- Whether provocation is also needed in patients who do manifest their life-threatening arrhythmia spontaneously is not settled, but there are reasons to consider PES or other provocation in such patients. In the fraction of patients whose PES-inducible arrhythmia can be made noninducible by amiodarone hydrochloride (a fraction that has varied widely in various series from less than 10% to almost 40%, perhaps due to different stimulation criteria), the prognosis has been almost uniformly excellent, with very low recurrence (ventricular tachycardia or sudden death) rates. More controversial is the meaning of continued inducibility. There has been an impression that continued inducibility in amiodarone hydrochloride patients may not foretell a poor prognosis but, in fact, many observers have found greater recurrence rates in patients who remain inducible than in those who do not. A number of criteria have been proposed, however, for identifying patients who remain inducible but who seem likely nonetheless to do well on amiodarone hydrochloride. These criteria include increased difficulty of induction (more stimuli or more rapid stimuli), which has been reported to predict a lower rate of recurrence, and ability to tolerate the induced ventricular tachycardia without severe symptoms, a finding that has been reported to correlate with better survival but not with lower recurrence rates. While these criteria require confirmation and further study in general, easier inducibility or poorer tolerance of the induced arrhythmia should suggest consideration of a need to revise treatment.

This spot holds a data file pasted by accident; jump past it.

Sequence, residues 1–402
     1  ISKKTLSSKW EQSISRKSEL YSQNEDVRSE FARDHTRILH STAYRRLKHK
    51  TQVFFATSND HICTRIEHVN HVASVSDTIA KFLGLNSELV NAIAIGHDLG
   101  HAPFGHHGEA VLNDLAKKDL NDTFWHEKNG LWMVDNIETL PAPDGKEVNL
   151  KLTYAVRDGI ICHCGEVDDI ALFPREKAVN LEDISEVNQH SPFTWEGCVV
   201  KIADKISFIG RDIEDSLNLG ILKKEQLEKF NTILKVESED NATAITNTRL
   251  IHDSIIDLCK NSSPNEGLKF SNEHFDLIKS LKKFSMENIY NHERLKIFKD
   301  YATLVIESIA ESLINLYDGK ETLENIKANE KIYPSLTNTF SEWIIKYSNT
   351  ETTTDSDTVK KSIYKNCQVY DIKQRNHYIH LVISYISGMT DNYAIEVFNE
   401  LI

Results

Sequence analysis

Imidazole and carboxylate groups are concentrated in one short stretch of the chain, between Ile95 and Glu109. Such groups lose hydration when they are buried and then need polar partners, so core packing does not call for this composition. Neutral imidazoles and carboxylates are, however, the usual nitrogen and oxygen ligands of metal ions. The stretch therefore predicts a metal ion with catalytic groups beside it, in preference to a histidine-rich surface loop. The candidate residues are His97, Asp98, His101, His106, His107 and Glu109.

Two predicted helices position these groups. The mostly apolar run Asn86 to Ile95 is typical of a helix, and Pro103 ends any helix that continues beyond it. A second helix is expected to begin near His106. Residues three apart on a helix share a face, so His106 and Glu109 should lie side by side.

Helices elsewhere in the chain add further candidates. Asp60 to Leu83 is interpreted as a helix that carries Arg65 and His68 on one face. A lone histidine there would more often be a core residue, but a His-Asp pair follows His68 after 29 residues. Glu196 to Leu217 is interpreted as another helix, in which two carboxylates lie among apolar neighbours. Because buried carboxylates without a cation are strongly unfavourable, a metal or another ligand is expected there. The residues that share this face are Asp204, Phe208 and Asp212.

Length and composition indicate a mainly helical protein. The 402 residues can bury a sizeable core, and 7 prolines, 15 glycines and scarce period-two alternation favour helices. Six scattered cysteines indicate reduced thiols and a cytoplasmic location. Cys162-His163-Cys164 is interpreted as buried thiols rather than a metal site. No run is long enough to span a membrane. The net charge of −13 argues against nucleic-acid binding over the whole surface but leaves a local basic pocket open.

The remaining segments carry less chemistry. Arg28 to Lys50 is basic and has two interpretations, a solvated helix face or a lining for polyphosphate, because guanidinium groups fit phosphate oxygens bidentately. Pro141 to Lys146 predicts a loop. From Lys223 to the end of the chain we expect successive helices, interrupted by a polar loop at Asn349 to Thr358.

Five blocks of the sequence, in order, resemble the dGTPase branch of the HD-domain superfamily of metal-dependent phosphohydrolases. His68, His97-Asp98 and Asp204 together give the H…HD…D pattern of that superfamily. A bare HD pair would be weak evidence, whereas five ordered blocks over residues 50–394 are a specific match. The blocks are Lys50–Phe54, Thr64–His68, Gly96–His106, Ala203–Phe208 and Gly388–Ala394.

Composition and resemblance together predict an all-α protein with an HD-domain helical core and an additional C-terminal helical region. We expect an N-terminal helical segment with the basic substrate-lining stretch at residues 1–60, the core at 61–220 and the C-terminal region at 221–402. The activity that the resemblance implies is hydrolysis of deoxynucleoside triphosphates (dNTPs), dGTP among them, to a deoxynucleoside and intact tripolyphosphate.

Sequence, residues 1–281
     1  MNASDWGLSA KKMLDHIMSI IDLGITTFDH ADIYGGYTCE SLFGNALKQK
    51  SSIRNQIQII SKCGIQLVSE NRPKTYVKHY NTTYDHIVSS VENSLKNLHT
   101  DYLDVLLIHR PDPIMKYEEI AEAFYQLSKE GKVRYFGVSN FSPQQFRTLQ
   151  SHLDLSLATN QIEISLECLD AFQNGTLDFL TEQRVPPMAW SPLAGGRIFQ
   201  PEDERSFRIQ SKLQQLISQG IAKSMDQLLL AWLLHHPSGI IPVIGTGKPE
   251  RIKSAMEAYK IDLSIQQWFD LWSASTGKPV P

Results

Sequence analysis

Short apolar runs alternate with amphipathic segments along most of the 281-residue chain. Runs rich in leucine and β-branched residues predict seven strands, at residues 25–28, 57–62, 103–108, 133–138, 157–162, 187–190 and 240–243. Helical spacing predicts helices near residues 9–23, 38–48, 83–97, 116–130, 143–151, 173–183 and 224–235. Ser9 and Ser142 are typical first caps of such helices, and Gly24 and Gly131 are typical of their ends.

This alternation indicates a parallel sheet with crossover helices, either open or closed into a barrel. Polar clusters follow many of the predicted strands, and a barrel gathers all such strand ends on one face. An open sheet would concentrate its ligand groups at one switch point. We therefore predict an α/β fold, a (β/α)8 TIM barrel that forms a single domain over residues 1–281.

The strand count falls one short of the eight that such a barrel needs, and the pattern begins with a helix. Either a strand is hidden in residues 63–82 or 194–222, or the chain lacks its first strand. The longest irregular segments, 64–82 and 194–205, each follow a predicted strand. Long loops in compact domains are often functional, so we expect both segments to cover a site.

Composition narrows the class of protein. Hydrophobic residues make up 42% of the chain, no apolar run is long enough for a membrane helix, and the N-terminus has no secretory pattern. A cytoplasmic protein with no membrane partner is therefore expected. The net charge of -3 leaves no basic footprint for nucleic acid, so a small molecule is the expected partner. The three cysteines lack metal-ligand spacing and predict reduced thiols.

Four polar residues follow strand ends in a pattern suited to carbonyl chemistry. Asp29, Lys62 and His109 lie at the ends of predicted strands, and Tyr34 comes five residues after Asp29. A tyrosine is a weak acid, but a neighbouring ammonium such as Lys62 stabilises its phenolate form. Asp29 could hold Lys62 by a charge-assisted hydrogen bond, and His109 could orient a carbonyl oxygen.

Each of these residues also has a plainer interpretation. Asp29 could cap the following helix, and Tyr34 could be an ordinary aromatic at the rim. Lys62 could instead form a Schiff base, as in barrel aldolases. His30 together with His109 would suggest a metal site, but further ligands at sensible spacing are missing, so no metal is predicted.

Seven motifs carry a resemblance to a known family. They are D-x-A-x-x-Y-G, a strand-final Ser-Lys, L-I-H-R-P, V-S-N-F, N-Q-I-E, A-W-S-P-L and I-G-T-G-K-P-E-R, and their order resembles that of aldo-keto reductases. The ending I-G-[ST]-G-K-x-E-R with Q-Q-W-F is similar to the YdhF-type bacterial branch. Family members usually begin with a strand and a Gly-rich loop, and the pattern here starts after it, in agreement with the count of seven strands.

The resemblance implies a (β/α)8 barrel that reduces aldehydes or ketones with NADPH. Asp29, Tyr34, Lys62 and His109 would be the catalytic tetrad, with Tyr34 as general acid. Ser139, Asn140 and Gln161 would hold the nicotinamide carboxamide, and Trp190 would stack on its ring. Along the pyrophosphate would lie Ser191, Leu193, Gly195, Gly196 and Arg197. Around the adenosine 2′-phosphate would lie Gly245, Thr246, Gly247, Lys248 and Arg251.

Several predictors of success not based on PES have also been suggested, including complete elimination of all nonsustained ventricular tachycardia on ambulatory monitoring and very low premature ventricular-beat rates (less than 1 VPB/1,000 normal beats).